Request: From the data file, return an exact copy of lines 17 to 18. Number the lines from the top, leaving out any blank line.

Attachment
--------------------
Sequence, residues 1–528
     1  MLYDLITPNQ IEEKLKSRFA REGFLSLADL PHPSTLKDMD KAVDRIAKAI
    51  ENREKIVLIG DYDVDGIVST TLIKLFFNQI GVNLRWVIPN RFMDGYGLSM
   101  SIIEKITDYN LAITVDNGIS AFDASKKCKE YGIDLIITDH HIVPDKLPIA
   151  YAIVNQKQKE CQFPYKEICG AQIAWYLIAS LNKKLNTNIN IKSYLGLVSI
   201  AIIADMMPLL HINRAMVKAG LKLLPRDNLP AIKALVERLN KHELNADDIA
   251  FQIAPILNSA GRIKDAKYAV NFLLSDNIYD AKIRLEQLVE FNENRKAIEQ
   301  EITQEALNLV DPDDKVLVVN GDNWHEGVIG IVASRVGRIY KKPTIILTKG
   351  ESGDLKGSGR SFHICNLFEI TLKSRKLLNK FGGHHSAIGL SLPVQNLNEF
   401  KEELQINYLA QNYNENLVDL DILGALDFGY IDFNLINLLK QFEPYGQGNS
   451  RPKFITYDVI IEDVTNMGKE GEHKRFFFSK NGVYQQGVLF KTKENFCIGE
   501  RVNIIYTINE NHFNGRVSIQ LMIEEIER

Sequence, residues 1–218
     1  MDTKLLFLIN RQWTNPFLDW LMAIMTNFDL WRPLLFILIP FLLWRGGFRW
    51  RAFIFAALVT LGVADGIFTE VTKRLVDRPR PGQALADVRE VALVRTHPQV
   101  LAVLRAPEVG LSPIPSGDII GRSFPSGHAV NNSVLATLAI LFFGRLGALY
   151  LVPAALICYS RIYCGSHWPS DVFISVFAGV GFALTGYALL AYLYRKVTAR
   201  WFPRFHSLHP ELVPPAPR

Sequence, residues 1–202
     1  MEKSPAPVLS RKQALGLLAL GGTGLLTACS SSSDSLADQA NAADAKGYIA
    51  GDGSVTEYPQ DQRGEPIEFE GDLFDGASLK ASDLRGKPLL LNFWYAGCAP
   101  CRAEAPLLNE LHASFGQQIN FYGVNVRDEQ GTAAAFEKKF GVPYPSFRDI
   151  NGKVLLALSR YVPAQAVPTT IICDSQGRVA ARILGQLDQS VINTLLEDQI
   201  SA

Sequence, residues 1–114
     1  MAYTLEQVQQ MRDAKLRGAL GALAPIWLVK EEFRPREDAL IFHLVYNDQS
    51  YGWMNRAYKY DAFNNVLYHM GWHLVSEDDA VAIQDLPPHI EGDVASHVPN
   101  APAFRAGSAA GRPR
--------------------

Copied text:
   151  LVPAALICYS RIYCGSHWPS DVFISVFAGV GFALTGYALL AYLYRKVTAR
   201  WFPRFHSLHP ELVPPAPR